Jim Hines is hosting his excellent annual series on why diversity in SFF is important. I’d like to talk about something connected but not quite the same: accidental representation.
But first– apparently there’s an article out about how Aspergers and high-functioning autism are dramatically underdiagnosed in girls. This made me think about my own childhood. I never would have been diagnosed because I wasn’t interested in planes or planets or watches, I was intensely interested in people.
I read a book once in which somebody had literally been Focused on People. She read as autistic until the end, when it’s revealed she’d been damaged instead.
And more often than not, that’s what happens when I find somebody in fiction who thinks so much like me that I instantly identify with them. It turns out the author wasn’t trying to write somebody with autism. They were writing a demon. Or a maladjusted anthropomorphic personification. Or somebody with brain damage.
With all of them there’s a moment of, “Oh my god! It’s somebody like me!” and sure maybe that person is difficult, maybe even a bad guy but that moment of realizing people like me exist in fiction is wonderful– until I discover the connection was accidental. The author is shocked and horrified when somebody points out the parallels with autism. They didn’t mean that, no, not at all!
(And these are all authors I love, too, which is why I was so delighted with the characters. Who doesn’t want to believe that their favorite artist really understands them?
But no. It was an accident.)
So not only do I feel like an alien, but the characters I identify with are quickly pulled away as ‘unintended’. That really, really sucks. It’s also one reason I write about neurodiverse characters. I mean, I didn’t set out to Make A Statement, but I will if I have to. I hate feeling like a freak: like my body is exotic and my brain came from outer space– and having representations yanked away only emphasizes that feeling.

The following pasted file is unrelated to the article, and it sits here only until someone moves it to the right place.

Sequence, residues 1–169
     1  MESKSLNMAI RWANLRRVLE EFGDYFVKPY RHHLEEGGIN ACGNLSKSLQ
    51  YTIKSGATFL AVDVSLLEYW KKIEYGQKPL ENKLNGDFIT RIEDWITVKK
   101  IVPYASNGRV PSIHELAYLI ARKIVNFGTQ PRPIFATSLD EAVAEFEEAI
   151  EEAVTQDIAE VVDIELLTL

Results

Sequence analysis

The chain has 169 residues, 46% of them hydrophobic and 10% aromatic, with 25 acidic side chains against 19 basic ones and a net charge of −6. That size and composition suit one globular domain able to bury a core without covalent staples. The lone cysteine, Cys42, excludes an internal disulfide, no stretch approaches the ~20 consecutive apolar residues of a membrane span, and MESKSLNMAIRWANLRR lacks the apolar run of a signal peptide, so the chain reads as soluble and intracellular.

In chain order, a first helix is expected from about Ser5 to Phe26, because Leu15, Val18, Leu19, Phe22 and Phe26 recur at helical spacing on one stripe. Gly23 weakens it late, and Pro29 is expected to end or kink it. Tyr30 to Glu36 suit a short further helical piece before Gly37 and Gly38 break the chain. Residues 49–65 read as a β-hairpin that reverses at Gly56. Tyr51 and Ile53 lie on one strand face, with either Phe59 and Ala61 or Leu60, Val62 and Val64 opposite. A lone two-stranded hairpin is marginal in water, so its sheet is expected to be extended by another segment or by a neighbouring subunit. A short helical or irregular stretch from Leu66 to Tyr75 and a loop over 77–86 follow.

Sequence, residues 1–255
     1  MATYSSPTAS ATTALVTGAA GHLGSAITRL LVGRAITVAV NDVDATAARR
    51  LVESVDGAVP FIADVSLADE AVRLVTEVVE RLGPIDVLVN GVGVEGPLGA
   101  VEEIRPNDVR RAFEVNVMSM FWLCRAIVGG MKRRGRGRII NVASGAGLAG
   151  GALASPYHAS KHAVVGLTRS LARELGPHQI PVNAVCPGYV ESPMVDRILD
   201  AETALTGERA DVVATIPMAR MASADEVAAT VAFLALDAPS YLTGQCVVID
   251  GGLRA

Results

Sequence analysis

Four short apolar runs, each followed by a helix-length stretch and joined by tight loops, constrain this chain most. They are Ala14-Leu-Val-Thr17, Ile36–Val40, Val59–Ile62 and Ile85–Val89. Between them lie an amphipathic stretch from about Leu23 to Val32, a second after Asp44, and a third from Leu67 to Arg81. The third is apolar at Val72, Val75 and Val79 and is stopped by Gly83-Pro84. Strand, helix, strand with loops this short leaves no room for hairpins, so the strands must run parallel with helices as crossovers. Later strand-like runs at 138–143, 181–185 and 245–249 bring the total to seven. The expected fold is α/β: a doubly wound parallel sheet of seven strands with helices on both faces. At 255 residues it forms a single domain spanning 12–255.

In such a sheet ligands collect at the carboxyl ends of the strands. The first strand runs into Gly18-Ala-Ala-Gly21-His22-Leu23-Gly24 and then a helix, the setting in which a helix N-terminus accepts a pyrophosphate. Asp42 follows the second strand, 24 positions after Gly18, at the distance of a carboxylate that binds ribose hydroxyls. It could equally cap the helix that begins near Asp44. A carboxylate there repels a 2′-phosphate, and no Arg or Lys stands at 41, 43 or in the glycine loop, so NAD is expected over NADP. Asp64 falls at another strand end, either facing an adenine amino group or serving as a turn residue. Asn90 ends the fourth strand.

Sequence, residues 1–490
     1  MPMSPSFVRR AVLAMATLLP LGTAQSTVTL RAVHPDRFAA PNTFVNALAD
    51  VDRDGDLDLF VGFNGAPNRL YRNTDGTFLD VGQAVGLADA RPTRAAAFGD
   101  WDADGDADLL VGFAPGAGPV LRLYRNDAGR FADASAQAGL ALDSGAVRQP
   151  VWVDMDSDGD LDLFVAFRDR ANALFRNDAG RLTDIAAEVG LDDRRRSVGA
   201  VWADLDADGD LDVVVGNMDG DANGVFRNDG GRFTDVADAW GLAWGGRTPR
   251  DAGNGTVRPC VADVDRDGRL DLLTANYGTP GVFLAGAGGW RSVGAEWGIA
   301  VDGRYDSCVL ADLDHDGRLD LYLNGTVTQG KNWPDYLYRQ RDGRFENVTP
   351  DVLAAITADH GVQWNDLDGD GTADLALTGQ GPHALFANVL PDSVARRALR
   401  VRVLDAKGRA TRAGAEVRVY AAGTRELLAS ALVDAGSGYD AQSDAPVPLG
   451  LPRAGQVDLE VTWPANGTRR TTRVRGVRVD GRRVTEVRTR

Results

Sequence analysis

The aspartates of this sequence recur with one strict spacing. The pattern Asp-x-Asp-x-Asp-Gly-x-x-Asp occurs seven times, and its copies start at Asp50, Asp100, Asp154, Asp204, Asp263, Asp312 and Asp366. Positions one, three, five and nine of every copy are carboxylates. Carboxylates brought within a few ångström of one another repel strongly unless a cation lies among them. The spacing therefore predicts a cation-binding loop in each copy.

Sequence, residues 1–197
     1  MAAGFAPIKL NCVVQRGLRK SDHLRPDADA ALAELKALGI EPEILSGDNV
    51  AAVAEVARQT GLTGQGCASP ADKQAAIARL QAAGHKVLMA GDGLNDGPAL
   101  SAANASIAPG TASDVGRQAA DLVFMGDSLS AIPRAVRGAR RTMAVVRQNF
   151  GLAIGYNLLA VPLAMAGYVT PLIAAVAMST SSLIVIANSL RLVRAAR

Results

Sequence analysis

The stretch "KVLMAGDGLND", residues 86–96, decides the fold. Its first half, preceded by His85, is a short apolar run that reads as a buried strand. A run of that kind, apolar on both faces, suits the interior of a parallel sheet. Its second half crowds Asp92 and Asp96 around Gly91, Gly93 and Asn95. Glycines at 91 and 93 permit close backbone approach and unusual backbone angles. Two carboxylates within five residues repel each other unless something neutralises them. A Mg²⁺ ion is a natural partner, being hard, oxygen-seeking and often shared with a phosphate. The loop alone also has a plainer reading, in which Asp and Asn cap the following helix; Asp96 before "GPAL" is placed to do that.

What’s even worse is that reaction of surprise and even horror: because they wrote what they saw as problems to be solved, not natural ways of thinking. The idea that somebody might strongly identify with somebody they think of as basically broken is very upsetting.
But I didn’t read those characters as broken. I just read them as people like me. People who think differently but who are just as interesting and just as capable of being awesome. People who can inspire me to feel like less of an alien and more like me.
Admittedly, that’s a lot easier in a world where people recognize you when they write about you.
It would be foolish of me, I suppose, not to point my own work toward providing fictional companions to the neurodiverse:
in Nightlights, Jehane is a protagonist, she falls in love, she acts heroically. She’s also autistic. She’s not the only neurodiverse character but she’s the most obvious one.
in Matchbox Girls, Marley, the heroine, has an anxiety disorder. She eventually she discovers she has magic, too. It doesn’t help nearly as much as she’d like.
And in Citadel of the Sky, you can find a lot of different acronyms and disorders, along with more complicated, less easily labelled things. There’s also an entire group of people dedicated to providing accommodations for the neurodiverse Royal Family… and a story about what happens when those accommodations are taken away.